Perhaps I’ll go back to being a bunny person.
They were so undemanding.
The day got off to a really ropy start at some ridiculously small hour. Fact is, the past few days have all started the same way.
Today was just the cumulative effect.
Patches head-grooming attacks have intensified.
Grant laughs. “Push her away, firmly.“
Cat wrestling seems firm to me.
That’s what it has become and for a small cat, she is amazingly strong. Determined to deep-clean my face.
In all the years I’ve lived with cats, this has never come up and I don’t know how to deal with it.
Shutting doors just means the other ten will always be on the wrong side and protesting loudly.
Playing games to tire her out? She’s not into that sort of thing. And “pre-lights-out” is dedicated to reading. Playing games with cats would just get me wound up.
Sleeping draughts? I think not.
Just give in and let her wash the insides of my ears and nose, pull my hair and lick my eye lids.
Could you ignore it?
Some would suggest dire solutions. No, never.
When I first knew Patches she was a kitten, in need of surgery for bi-lateral patellar subluxation in her back legs. Either that or euthanasia.
It was my early days of cat fostering and I didn’t plan to start with having a kitten put to sleep when surgery could give her a normal life.
She healed well and settled in to the foster suite where she curled in a corner with Sophia and Bob.
They were missing their snuggle-buddy Bu who had just died and they seemed rather lost. So I fell in love, as I always do with the down-and-outs.
We lost Bob before coming to New York.
Sophia and Patches stayed together at first but when Patches gained a little confidence, she migrated to window boxes and cat trees where Sophia still feels insecure.
These days Sophia’s buddy is Lily who doesn’t curl up with her but lies along side. When she isn’t propelling herself at 90 miles an hour through the house, that is.
So I cannot not be delighted that Patches has become so attached to me.
It just isn’t quite so delightful at 3 o’clock in the morning.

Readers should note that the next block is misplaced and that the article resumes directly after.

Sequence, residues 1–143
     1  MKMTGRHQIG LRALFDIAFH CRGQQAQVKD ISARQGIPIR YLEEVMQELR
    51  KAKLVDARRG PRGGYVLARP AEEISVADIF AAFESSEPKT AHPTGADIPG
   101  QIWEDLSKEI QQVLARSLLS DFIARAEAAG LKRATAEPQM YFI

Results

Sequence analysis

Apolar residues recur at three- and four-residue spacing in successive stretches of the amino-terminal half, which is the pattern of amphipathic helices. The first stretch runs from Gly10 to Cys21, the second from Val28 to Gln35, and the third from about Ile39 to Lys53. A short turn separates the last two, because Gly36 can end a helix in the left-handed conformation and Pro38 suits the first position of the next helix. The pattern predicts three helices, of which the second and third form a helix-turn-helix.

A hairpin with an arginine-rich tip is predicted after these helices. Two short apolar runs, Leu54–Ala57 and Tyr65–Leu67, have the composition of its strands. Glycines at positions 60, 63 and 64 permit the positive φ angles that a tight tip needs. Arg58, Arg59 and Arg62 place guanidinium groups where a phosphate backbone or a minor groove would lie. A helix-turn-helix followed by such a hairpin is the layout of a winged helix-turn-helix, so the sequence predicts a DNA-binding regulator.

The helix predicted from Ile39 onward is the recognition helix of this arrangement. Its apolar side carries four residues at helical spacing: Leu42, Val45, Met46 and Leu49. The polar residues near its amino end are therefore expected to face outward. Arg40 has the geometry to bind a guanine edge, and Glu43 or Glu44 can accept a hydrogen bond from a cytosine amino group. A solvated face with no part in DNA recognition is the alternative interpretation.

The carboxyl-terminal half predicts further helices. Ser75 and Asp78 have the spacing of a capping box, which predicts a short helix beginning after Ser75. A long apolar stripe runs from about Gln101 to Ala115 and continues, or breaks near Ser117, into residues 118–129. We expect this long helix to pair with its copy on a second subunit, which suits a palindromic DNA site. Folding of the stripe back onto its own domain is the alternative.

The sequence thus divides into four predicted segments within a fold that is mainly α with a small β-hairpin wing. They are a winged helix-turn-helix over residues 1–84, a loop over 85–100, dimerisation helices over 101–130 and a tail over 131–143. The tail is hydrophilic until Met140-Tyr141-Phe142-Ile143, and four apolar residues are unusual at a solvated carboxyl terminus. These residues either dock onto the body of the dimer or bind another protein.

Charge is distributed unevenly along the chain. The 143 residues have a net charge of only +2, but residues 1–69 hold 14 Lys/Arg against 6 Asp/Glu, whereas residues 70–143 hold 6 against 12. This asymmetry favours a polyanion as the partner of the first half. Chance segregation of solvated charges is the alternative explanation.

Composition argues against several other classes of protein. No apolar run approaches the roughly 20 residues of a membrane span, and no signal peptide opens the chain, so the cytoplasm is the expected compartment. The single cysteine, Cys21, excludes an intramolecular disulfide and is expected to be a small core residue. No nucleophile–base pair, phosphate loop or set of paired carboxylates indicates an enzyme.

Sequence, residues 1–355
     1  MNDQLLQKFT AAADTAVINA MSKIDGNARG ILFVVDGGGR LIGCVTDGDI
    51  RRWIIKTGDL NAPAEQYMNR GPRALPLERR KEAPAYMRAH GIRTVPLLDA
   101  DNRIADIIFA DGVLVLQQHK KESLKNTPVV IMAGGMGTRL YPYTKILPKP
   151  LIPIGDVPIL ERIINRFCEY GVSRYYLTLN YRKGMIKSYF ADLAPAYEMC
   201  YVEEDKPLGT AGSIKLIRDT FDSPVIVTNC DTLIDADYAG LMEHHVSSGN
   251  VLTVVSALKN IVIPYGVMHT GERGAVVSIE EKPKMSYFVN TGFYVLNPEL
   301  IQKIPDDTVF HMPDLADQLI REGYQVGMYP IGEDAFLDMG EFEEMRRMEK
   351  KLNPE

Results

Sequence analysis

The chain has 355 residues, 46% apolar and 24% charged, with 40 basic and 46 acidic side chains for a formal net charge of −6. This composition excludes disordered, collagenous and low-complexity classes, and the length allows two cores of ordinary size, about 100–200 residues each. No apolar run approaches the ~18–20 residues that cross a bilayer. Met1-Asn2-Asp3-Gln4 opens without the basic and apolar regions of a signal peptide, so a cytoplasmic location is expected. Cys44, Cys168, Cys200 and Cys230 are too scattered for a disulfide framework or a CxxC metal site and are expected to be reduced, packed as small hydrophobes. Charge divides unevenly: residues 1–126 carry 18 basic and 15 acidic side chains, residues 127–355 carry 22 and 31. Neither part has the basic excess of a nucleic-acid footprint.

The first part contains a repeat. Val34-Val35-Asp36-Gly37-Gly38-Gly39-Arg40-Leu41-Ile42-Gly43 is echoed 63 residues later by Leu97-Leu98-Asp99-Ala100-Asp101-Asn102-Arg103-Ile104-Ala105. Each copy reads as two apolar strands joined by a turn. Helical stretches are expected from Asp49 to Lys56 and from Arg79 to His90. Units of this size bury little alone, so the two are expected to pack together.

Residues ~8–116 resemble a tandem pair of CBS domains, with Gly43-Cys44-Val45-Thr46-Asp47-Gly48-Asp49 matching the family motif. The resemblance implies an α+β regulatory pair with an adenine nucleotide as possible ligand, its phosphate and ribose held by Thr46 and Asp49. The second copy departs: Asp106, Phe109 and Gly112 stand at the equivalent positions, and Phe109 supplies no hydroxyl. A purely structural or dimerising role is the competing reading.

Patches abandons the grooming session just in time for breakfast which she takes downstairs, please, so Grant has to toddle down there after her.
Upstairs, meanwhile there is the daily chorus of:
“Oh! I can’t be expected to eat that!“
Ten minutes later, once we are out of the room….
“Muffin, isn’t that the stuff you couldn’t possibly..?”
This morning I confess I said I couldn’t care less if they bloody well starved.
Then Lily took another extended walk.
She came back in her own sweet time, pausing in the tentative way she has, with one paw off the ground.
Maybe she has commitment issues.
She came back in a mood to match my own.
Muttering and grumbling about some great unfairness and injustice that she had been subjected to.
“Not going up there to see them anymore, ever!”
she wailed as she marched past.
(No idea where she had been.)
“I need a lie down to get over it!”
Then, with a great effort she hauled herself up and huffed on home.
Where she continued to complain, loudly.
At least the morning rounds had revealed a couple more Monarch caterpillars.
As well as a “maybe”, too small to say for sure.
So many of my subjects are un-cooperative, I have to appreciate those that are obliging, even if it’s a fly.
A bit of searching revealed that this is in fact a hover fly that is a pollinator and feasts on undesirable insects.
Which proves the point that you should never make assumptions based on what you think.
I’m going outside in a minute to befriend this chap.
He’s quite handsome, don’t you think?
After feeding our ungrateful tribe this morning we went out to view a cloudless sky.
About an hour later, that was old news, but I am always happy with partly sunny, especially when there is a delightful cool breeze.
Given the expectation of rising temperatures in general, I enjoy whatever comes.
Mother groundhog is enjoying the easy life now and is beginning to take on the appearance of a beached elephant seal. Which is part of Nature’s plan.
One presumes that this is also Nature’s plan.
This plant arrived last year, unbidden, and I almost rejected it as a weed (those assumptions) because it was big and green and not too exciting.
Then it flowered profusely and the blooms were gorgeous. I can’t think of another plant that grows its flowers directly from the stalk, though Grant says there are some in Africa.
PlanNet identified it as an Impatiens and I read that it self-propagates, which certainly appears to be true judging by the vast number I see out there this year.
Like everything else in my life, my garden is rather hit-and-miss! Make that completely.
1400 and all is well.
The caterpillar count is 4.
The fishing forecast is good. Or bad if you’re a fish.
And it looks as if I’ll be watering again.
Our water comes from my well and is only a problem if power fails. Which is why we have a lot in bottles.
Just in case.